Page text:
Growing Orchids in Water

March 16, 2016
Phal In Water-11

Let it swim, let it swim, let it swim.

I started growing orchids, particularly phalaenopsis orchids, in water about a year ago after seeing the awesome root tips that grew in water on Sam Som’s youtube channel (Orchids & Puppies). Not all adapted well to this method, but overall, I’d say it is an amazing way to grow orchids, especially if you love being able to see all the lush, green, sexy root nubs like me.  Plus, without media, you don’t have to worry about having creepy crawlies hiding in the media and eating those tender roots. This method is called Water Culture.

So what is water culture? Basically it means flopping your orchid into a vase of water with nothing on the roots. Nothing. No bark chips. No moss. Nada. Butt naked! You can do semi water culture, meaning soaking the roots for a couple of days a week then letting them dry for a few days. Or you can do full water culture, that is, letting the roots soak in some water all the time. Easy enough, right?

Some things you should keep in mind before deciding to strip your orchid naked:

Strip it well: Remove all old media and dead tissues from the root mass before putting your plant in water to avoid bacteria build up. That means picking out bark chips, sphagnum moss (without breaking the roots), and cutting away dead, rotten roots.

Adapt the watering schedule to your environment: A lot of people follow an easy 2 - 5 schedule, meaning soaking for 2 days and drying for 5 days. However, if you live somewhere hot and dry, you might need to soak your orchid more often to give it adequate moisture. Likewise, reduce watering if your environment is too cold and humid.

I use tap water and my orchids do just fine. I’ve heard people use rain or distilled water because their tap water is too hard (containing too much calcium). Hard water may burn roots. Just FYI.

It may get worse before it gets better: Some plants, especially those packed in wet sphagnum moss and whose roots were broken during the unpotting process, may continue to lose roots for a while before new ones pop up. You have to be patient. It may take a few weeks or a few months before you see results. And occasionally it may not work at all, in which case, please don’t be discouraged. You just need to try again.

I find that water culture works best when I try to rescue sick orchids with few or no roots left. With this method, not only can I control the amount of moisture that my sick orchid receives, but I can also properly air out the roots, hence avoiding potential root rot.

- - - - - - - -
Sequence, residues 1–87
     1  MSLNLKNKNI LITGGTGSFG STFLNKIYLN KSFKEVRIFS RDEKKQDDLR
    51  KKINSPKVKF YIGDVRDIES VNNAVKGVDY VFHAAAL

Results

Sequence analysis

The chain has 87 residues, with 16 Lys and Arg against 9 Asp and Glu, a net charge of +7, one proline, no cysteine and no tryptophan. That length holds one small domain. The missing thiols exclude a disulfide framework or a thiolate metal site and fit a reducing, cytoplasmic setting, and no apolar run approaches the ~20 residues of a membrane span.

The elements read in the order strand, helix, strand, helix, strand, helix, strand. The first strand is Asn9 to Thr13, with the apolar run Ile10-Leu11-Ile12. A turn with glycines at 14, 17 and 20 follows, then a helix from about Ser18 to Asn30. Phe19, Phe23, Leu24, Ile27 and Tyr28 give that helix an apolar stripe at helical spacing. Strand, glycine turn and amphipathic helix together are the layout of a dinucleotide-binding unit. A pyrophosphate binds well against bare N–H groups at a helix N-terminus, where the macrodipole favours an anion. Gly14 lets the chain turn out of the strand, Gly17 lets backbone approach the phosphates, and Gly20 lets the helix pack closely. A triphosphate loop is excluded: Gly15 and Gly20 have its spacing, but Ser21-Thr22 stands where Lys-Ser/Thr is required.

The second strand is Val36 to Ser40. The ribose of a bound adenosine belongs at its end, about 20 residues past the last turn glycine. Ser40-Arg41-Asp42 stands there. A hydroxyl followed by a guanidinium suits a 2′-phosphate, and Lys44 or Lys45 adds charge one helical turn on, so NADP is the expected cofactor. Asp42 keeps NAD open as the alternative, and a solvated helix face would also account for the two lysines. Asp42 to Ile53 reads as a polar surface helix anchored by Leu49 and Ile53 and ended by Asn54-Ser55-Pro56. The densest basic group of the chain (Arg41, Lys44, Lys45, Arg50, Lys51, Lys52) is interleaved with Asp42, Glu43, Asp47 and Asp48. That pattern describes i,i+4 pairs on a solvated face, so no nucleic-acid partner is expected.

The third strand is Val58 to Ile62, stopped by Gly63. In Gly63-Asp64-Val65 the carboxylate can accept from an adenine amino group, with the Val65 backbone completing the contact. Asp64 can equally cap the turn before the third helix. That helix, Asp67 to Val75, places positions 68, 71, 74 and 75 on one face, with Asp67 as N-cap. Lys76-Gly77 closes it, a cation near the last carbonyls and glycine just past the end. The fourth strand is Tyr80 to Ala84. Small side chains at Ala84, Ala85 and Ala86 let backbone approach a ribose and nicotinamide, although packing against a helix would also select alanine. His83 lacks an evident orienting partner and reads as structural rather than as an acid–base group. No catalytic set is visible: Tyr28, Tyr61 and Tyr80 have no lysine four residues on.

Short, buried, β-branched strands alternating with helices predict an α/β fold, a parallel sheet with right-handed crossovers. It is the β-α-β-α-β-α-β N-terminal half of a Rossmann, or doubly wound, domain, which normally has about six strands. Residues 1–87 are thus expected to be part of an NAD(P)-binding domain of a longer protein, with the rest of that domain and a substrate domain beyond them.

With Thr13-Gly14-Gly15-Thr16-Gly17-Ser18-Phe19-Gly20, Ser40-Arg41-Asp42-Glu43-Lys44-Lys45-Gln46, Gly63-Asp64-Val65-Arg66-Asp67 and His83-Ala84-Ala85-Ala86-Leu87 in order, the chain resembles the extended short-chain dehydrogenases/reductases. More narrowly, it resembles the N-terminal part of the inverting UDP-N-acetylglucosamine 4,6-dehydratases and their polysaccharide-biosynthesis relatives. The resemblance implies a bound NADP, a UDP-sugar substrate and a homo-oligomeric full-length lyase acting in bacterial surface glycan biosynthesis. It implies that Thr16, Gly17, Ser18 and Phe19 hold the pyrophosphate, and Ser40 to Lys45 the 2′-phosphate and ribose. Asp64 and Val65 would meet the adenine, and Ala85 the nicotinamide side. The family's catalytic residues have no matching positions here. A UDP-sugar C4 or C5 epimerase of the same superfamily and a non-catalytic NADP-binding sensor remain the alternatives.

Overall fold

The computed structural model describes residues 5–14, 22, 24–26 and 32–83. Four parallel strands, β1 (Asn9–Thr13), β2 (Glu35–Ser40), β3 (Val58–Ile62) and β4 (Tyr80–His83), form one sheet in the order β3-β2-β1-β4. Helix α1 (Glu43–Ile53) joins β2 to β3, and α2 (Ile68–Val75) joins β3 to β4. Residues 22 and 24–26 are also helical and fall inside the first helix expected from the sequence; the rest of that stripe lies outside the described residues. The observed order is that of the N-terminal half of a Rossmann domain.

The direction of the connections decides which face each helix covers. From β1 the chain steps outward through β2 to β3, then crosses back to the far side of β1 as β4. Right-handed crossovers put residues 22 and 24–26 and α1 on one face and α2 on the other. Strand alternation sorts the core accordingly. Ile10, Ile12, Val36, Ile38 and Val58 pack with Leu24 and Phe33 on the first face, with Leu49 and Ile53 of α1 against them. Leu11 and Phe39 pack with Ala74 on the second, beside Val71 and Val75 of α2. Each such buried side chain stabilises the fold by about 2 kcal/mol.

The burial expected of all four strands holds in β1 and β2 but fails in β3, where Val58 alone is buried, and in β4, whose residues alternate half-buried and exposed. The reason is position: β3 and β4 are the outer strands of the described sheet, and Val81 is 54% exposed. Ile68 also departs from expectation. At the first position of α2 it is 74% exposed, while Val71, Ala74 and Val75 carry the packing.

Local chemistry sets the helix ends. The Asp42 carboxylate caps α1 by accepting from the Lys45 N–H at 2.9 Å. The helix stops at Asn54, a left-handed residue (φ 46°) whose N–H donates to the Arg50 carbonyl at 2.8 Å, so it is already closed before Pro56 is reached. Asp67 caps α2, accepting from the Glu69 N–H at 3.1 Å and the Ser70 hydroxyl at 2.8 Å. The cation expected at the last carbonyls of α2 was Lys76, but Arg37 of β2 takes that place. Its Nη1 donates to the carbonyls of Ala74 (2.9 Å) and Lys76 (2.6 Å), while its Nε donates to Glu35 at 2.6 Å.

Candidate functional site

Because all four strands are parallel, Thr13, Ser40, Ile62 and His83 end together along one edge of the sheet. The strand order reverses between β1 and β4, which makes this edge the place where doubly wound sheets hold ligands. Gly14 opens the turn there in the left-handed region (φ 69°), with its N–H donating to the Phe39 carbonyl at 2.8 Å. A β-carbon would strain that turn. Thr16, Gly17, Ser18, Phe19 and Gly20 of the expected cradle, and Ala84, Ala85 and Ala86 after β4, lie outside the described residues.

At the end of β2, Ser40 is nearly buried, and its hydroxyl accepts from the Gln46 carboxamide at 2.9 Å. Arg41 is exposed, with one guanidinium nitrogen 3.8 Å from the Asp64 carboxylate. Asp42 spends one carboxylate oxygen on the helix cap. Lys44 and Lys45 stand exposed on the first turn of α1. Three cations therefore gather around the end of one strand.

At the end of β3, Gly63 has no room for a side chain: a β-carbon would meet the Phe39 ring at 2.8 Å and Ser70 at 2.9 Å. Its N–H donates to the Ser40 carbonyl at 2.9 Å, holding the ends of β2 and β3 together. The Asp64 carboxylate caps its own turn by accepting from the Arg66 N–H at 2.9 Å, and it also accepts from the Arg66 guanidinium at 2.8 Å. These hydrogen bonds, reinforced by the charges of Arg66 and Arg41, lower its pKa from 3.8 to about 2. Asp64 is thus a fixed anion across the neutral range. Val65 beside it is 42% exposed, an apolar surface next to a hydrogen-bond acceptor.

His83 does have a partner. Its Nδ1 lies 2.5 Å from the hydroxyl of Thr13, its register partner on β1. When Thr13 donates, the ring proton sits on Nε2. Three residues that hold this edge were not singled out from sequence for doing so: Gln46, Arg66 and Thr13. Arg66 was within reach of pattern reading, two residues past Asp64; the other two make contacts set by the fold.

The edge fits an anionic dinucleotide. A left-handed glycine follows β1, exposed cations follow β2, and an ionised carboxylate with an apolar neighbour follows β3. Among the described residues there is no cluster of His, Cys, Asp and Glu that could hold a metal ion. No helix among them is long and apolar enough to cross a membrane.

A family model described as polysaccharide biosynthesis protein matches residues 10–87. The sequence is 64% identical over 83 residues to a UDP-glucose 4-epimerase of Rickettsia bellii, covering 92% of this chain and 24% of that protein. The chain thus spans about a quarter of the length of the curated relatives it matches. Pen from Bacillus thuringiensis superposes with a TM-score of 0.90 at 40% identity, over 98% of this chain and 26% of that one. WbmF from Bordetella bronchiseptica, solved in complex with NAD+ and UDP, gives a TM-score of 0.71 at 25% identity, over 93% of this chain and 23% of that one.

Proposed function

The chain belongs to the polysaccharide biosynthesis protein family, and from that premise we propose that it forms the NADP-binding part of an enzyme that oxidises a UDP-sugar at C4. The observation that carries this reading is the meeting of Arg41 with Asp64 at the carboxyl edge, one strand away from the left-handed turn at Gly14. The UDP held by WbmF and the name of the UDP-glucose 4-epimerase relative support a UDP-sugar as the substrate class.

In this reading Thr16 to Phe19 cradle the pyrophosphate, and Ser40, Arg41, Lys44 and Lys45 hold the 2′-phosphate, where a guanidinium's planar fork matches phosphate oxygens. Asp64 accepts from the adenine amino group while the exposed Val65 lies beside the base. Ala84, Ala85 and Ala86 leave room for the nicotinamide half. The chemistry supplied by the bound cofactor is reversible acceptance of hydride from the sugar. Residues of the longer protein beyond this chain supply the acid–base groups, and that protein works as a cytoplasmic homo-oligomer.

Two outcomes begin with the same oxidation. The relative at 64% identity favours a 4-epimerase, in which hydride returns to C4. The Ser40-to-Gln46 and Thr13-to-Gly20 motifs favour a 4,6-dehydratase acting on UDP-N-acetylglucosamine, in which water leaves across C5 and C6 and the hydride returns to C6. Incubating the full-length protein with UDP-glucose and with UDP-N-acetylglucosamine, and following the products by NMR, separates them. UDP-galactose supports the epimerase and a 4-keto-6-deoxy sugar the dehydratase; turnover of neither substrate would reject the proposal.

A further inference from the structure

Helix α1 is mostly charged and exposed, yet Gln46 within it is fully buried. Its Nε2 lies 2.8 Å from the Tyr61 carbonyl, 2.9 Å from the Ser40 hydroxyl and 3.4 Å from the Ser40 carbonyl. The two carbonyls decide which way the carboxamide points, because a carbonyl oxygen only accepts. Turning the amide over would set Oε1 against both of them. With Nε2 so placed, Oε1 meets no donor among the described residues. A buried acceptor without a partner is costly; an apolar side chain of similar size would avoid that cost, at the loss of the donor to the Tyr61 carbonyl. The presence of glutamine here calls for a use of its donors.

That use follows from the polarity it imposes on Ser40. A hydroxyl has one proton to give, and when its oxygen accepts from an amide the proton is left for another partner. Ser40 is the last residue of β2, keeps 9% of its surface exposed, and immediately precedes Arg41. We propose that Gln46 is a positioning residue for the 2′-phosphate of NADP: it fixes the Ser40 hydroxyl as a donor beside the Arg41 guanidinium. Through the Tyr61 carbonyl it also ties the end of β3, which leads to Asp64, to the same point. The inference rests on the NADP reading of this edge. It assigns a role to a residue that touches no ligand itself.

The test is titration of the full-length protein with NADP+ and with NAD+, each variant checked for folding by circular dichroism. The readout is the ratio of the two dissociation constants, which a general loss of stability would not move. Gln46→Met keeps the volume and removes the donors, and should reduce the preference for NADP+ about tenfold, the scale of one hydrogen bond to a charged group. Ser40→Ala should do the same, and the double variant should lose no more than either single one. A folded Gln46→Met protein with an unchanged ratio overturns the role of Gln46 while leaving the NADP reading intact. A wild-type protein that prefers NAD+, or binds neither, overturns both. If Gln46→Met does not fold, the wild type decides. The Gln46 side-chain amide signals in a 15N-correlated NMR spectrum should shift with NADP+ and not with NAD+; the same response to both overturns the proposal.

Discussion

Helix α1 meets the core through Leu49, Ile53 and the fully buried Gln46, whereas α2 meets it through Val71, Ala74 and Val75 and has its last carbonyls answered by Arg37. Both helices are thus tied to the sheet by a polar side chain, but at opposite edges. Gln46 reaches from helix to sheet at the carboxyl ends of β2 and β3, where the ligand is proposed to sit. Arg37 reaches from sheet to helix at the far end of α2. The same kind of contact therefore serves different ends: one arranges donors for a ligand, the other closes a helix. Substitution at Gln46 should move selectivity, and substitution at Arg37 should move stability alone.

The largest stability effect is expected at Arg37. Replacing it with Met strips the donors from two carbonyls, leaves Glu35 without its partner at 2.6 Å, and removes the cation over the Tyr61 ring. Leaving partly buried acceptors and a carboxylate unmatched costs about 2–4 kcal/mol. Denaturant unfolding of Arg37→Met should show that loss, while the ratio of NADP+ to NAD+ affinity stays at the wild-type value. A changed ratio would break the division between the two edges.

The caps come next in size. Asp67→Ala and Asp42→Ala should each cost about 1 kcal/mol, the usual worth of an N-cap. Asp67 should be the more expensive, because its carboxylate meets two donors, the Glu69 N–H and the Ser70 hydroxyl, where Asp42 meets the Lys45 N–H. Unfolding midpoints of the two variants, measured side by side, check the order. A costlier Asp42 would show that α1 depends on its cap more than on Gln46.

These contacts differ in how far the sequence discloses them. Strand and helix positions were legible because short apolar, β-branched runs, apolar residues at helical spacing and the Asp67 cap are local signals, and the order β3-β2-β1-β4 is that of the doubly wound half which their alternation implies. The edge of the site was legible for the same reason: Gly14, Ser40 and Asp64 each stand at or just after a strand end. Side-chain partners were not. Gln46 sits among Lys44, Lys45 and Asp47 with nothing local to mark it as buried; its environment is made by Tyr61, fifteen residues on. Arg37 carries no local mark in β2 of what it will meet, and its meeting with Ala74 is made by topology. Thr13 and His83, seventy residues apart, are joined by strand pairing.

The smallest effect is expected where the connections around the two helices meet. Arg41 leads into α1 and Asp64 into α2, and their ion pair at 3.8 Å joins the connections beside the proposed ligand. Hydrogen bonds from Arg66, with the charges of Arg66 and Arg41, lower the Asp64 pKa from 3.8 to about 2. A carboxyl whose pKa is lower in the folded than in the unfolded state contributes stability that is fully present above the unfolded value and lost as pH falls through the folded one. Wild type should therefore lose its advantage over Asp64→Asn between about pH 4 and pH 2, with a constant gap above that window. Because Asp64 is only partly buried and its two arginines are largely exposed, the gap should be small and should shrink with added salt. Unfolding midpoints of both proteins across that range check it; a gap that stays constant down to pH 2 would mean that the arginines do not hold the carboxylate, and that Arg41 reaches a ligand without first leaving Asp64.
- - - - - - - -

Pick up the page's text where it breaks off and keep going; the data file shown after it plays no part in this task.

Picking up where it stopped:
Now that you’ve read all that, I’ll take you through the process of transferring an orchid to water culture. You should definitely check out Sam’s video of how she transfer hers.

Transferring your orchid to Water Culture

Phal In Water-7

Here’s an example of what you typically find when unpotting your orchid: a lot of sphagnum moss packed into a flimsy plastic pot. While this media may be good in a nursery and is easy to transport, it is often the main cause of root rots, and death, for orchids. The moss retains so much water and is so tightly packed that it doesn’t allow the roots to breath.

Phal In Water-4

You will need some sharp shears, a pair of tweezers, rubbing alcohol to disinfect your tools, some hydrogen peroxide 3% (not pictured here) to clean the roots, some ground cinnamon to treat rots (which I did not need to use in this case), and a pair of gloves to protect your freshly manicured hands from chipping :) It is always a good idea to disinfect your tools with alcohol to avoid accidental transfer of virus from one plant to another. 

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Gently tease out and remove the moss. For those hard to reach places near the base of the plant, a pair of tweezers might come in handy.

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Cut away any dead or rotten roots. If you are not sure, try gently squeezing the roots. If they are firm and green, they are healthy. If they are hollow, dry, or mushy, they are rotten. See the brown section on this root? It was mushy, so I cut just above that brown area. 

Orchid101 Dead Roots 2

Another example of dead roots. In this case they are the dark roots that look completely shriveled. Go ahead and remove the yellow leaves too. 

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Once all of the media and dead tissues are removed, rinse the roots to clean, being careful to avoid getting water in between the leaves. I usually spray the entire root mass with hydrogen peroxide to kill potential critters hiding in there. If you do get water into the crown area, dry it off with a paper towel, and dry the whole plant upside down for a few hours to be sure. 

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Find a suitable vase with a wide opening, add a few inches of water and let your orchid swim. The water level should be at least 2 inches below the lowest leaf. A wide opening helps ensure that the roots can air out, avoiding mold build up. You can also provide ventilation by cracking open a window or putting a small fan near the orchid. Monitor the water; if it starts getting murky, there’s probably something rotting  and you’ll need to dump out the water, clean the vase, and cut any rotting roots. 

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Phal In Water-12 Here’s an example of a happy rescue orchid grown in water. This poor sucker had almost no roots when I received it in September last year. Look at it now! 

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Remember the poor sucker with the brown dead roots and two yellow leaves above? Here it is now swimming in a cup (the small rocks are to stabilize the cup), and it is growing new roots and a spike too.